Ordinarily Well: The Case for Antidepressants




RONALD REAGAN CAME to office. His budget director, David Stockman, announced a ban on social research. The ukase covered much of my portfolio, including the effects of poverty on health. I left the government.

Baby in tow, my wife and I landed in Providence, Rhode Island, where I had been invited to head the outpatient psychiatry departments for three hospitals, including the principal general hospital. Here, too, Reagan played a role. My mandate was to create services for the flow of patients expected to burden clinics as, with budget cuts, community mental health centers lost funding. I would be doing public psychiatry in the private, not-for-profit sector.

With few resources for independent outpatient work, I tasked my staff with supporting the medical and surgical departments. The doctors were fine with our offering psychotherapy, but what they wanted most was for me to prescribe for their patients. The psychotherapeutic medications were considered effective but hard to use.

My strongest connection was with the gastroenterologists. I lectured on ulcers and helped with research on the acceptance of hepatitis vaccines. As a result, I was referred a cluster of patients like those Kuhn had treated, with hard-to-diagnose GI complaints. These men and women, employed in unrewarding service-industry or line-manufacturing jobs, came with stories of disrupted childhoods, conflict-ridden marriages, workplace abuse, and money troubles. They experienced their problems as physical, and they mistrusted talk.

My patients had failed to respond to a series of drugs targeting bowel motility, and sometimes anxiety as well. I am writing of what were considered tough cases, “somatizers” with mood disorder. Although the tricyclics caused stomach and intestinal side effects, the GI patients did well on them. Antidepressants allowed patients to face adversity without being thrown into despair. Not every case was successful, but the successes could be dramatic. They reinforced the lessons I had learned with Adele and Stephan. Antidepressants helped patients who had failed to respond to treatments they believed in, and the benefits were broad.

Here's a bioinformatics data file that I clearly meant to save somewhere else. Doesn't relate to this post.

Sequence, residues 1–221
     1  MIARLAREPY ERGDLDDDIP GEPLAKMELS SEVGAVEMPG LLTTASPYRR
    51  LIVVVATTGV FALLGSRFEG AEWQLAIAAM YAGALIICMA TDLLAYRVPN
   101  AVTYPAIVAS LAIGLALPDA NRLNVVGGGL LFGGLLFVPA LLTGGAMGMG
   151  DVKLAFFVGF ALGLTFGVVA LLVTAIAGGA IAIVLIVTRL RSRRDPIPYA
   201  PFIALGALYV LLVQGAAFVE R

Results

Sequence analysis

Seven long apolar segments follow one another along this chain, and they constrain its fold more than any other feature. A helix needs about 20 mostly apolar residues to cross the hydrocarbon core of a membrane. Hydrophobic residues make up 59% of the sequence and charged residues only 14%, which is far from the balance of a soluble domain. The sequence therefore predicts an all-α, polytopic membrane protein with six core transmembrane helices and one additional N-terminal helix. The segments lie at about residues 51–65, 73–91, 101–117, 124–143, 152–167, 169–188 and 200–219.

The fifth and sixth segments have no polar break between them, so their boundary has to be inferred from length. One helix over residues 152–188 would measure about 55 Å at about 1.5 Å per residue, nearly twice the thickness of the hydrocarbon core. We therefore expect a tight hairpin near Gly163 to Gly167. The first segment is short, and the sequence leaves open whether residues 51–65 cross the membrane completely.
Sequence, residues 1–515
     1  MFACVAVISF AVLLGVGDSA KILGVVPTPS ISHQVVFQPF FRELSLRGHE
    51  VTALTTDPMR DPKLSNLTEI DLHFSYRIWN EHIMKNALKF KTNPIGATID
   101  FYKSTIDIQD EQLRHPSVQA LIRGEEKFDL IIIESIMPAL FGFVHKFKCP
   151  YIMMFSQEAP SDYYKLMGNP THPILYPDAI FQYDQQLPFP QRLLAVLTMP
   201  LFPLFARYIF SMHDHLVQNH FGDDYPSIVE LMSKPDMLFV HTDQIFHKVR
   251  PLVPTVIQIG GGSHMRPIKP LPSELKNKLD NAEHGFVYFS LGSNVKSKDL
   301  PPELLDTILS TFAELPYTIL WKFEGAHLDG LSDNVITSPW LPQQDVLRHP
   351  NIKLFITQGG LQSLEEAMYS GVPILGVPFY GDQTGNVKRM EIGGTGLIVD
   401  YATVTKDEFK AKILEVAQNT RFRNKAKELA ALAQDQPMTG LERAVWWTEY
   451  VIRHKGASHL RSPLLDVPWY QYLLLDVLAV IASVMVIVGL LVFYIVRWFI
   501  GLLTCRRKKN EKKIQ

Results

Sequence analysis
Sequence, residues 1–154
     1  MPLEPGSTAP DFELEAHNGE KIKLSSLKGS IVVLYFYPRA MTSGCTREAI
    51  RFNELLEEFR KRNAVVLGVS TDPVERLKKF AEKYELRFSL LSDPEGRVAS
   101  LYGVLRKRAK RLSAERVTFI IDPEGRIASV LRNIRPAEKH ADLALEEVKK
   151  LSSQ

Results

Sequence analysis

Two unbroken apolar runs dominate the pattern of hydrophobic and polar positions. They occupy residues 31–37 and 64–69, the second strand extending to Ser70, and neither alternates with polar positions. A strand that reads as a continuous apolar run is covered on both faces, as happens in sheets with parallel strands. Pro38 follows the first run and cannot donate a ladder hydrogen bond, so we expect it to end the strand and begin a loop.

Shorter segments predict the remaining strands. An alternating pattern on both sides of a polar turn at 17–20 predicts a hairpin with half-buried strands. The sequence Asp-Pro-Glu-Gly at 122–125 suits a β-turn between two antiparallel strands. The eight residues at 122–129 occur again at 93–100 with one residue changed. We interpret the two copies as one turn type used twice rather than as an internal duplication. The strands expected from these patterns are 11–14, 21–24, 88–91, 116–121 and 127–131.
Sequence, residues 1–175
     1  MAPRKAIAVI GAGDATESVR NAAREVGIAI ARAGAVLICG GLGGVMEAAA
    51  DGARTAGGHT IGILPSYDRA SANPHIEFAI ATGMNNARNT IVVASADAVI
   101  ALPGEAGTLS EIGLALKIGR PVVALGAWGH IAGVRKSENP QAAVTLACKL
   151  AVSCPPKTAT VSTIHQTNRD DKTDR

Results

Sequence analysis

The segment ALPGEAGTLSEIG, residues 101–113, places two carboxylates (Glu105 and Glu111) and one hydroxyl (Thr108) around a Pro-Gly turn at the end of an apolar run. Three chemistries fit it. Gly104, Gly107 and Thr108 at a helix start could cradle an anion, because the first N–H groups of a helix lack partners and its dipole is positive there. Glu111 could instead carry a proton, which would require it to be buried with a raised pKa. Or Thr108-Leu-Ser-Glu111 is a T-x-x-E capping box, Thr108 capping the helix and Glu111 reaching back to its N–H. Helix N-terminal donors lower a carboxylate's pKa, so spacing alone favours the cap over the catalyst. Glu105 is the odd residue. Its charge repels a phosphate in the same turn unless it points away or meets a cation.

I described the experiences of those years in a monthly column for a psychiatric trade paper and in my first book, Moments of Engagement. Psychotherapy remained my main interest, but there was no avoiding this related issue, how prescribing colored that effort. I described a woman with psychosomatic complaints who blamed her troubles on her family. On medication, she shocked me by saying of an impasse, “It wasn’t just my husband, it was me.” How many therapy sessions—and what delicacy—would it have taken to earn that insight?

I made note of a tendency in the social workers I brought on staff. They arrived mistrusting medications and the young doctors who managed their use. Then, not long into their tenure, they would begin to demand that I prescribe. Because drugs sometimes accomplished within weeks what psychotherapy did (or failed at) over years, social workers had become a tribe in danger of losing faith in its own customs.

What I wrote at the time (really) was “The issue is not efficacy nor evidence.” The improvement that caught the social workers’ and my attention might have little to do with items on the Hamilton scale. A patient would be relieved of a hard-to-define impediment and go on to create a new social environment and then flourish.

I have nostalgia for those days. I retained values from medical school—favoring psychotherapy, urging my staff and my patients to give it more of a chance. And then there was something pleasant about prescribing malgré soi. I am a fan of Rex Stout’s mysteries. The setup is that his detective, Nero Wolfe, never leaves the house on assignment—except in the novel you are reading, the unique case that requires extraordinary means. My use of antidepressants was that way, always in despite of misgivings. And then there would be uplift, if the remedy turned out to be a right one after all.

If I dismissed questions of evidence and efficacy, the profession did not. Starting in 1982, clinics at the University of Pittsburgh, George Washington University, and the University of Oklahoma began enrolling patients—250 in all—for the depression-treatment study that Gerry Klerman had championed. It had four arms, testing interpersonal psychotherapy, cognitive behavioral therapy, imipramine, and placebo pills.

In 1986, a researcher presented preliminary data. The New York Times relayed the conclusions in a story headlined “Psychotherapy Is as Good as Drug in Curing Depression, Study Finds.” The article’s key paragraph read:

The study found that two relatively new forms of psychotherapy, cognitive behavior therapy and interpersonal psychotherapy, achieved results comparable to a standard antidepressant drug, imipramine, in reducing the symptoms of depression and improving the functioning of patients. All three therapies completely eliminated serious symptoms in 50 to 60 percent of the patients treated for 16 weeks.

The explanation continued, “While 50 to 60 percent of the patients who received either the psychotherapeutic treatments or the drug reached ‘full recovery’ with no serious symptoms, fewer than 30 percent of those given the placebo reached full recovery.”

The field’s largest experiment—the Treatment of Depression Collaborative Research Program, or TDCRP—had validated every method. Think of it: full recovery in most patients. On reading the account, I experienced relief. As always, my thought was, It might have been otherwise.

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